It’s awfully rare to see a NCAA coach physically touch a player, and some of the cases where that has happened have led to controversies and even lost jobs. Texas A&M coach Jimbo Fisher’s actions Saturday against Arkansas probably won’t rise to that latter level, but Fisher certainly created a controversy when he grabbed A&M linebacker Tyrel Dodson’s face mask. That came after Fisher and other A&M coaches ran on the field to stop a developing scrum between the teams in the third quarter of the Aggies’ 24-17 win over the Razorbacks:
Jimbo Fisher was BIG mad pic.twitter.com/pBaEh0EBKt
— Bleacher Report (@BleacherReport) September 29, 2018
This led to plenty of players turned analysts opining that Fisher crossed a line, including former Texas Longhorns’ linebacker and current ESPN/Longhorn Network CFB analyst Emmanuel Acho (who also played in the NFL with the Browns, Giants and Eagles):
If you making 75 million a year and I’m not making no money. Don’t touch me unless you putting money in my pocket. Yell all you want. Don’t put your hands on me
— Emmanuel Acho (@thEMANacho) September 29, 2018
And former Idaho and NFL lineman Mark Schlereth, now a NFL analyst for Fox:
My oline coach in Denver once had a team meeting to tell us if I ever put my hands on you in a game you have the right to whip my ass! True Story https://t.co/Nun7GImFH4
— mark schlereth (@markschlereth) September 29, 2018
And former Oregon and NFL lineman Geoff Schwartz, now a SB Nation analyst:
And if the kid did that to the coach,he’d be thrown off the team.
— Geoff Schwartz (@geoffschwartz) September 29, 2018
Former USC and NFL quarterback Sean Salisbury, now a host for Houston’s SportsTalk 790, was perhaps a little less strong in his condemnation, but said moves like this will likely lead to a player pushing back someday:
I’m old school and the snowflake society has an answer for everything, just ask em. But, if a player grabbed a coach like Jimbo grabbed a player, the country would lose their collective minds. One day a player is going to right hook a coach, I guarantee it! Then what!
— Sean Salisbury (@SeanUnfiltered) September 29, 2018
For his part, Fisher said afterwards (around the 6:30 mark) that he was just trying to stop the fight and avoid Dodson being ejected:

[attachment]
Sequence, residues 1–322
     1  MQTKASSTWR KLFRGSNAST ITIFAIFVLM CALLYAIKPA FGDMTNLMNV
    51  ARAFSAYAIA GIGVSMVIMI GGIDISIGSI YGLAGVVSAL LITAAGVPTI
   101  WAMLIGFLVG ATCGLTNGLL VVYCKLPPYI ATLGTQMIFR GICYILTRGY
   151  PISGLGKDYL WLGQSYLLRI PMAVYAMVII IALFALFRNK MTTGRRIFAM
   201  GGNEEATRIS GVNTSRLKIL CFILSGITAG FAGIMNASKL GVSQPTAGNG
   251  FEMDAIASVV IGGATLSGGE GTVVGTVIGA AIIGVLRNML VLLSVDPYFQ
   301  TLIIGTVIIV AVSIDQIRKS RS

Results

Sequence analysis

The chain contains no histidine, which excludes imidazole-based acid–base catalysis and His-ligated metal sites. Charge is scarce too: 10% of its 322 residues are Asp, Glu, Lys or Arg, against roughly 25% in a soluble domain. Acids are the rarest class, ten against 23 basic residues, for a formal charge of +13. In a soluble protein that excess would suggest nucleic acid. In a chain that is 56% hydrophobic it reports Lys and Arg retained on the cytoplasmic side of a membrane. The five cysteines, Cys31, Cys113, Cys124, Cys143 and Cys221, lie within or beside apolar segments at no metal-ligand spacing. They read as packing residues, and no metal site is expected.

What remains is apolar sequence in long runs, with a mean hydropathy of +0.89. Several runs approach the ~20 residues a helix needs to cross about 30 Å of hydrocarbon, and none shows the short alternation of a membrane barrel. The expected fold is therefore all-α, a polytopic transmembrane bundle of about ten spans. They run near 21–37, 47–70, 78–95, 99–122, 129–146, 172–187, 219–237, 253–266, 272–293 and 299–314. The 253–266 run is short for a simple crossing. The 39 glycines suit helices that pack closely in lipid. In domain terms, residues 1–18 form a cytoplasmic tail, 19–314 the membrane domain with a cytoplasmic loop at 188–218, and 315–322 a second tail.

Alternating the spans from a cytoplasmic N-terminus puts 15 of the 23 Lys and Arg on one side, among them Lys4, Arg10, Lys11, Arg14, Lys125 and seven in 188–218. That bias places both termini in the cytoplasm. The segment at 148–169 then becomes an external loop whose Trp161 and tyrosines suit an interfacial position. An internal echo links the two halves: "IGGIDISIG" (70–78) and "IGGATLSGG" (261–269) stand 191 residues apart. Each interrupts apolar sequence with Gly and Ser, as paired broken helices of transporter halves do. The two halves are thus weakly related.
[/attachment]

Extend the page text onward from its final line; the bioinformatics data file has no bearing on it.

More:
“They’re getting in an argument and a fight. I don’t need that guy out there pushing and shoving, getting in a fight in the game. Lose one of our best players on defense and our team leader, that’s great. Learn to put your pride away and go on the sideline. There ain’t no sense to go out there and push and shove and do dumb things out there when you’re locked in on a game. He plays great, he’s a heck of a player for us.
“We’ve had Dodson gone for a game or two. We had that. In a game like that, to lose [number] 25? I was just trying to make a point — I don’t want you out there fighting. Make the play, shut your mouth and go on. And he is a great player. Emotions get in football, it’s an emotional game. But you gotta play intelligently, you gotta play to win. Dodson’s one of our team leaders, that’s a guy we count on for everything, make calls, do everything, man, that guys’s critical.
“And you gotta understand that role, and there’s something bigger than the individual battles that you’re going with. That’s all I was trying to make a point to him.”
And for his part, Dodson tweeted that Fisher did “the right thing”:
I’m in. Coach fisher is an amazing coach, he did the right thing. I let my emotions get the best of me at that certain moment. My teammates and this University needs me. That’s why he was so upset! He’ll have my back no matter what.
AGS WIN 👍🏽
— Tyrel Dodson (@tdots25) September 29, 2018
But that doesn’t necessarily end the controversy. As Acho noted, the unequal power dynamic between coaches and players is even higher in college, and even if Dodson was upset about Fisher’s actions here, he might face some backlash for saying that publicly. And while Fisher’s stated intention of breaking up the shoving and stopping a fight and an ejection for Dodson may seem laudable, there are plenty of ways to do that without grabbing a player’s facemask.
Even if Fisher felt the need to make physical contact, it would have seemed possible to do that by just holding Dodson around the shoulders instead of going for the mask. And his lack of apologies afterwards didn’t exactly improve the situation. This wouldn’t be a legal hit in-game, and it shouldn’t be acceptable behavior from a coach either.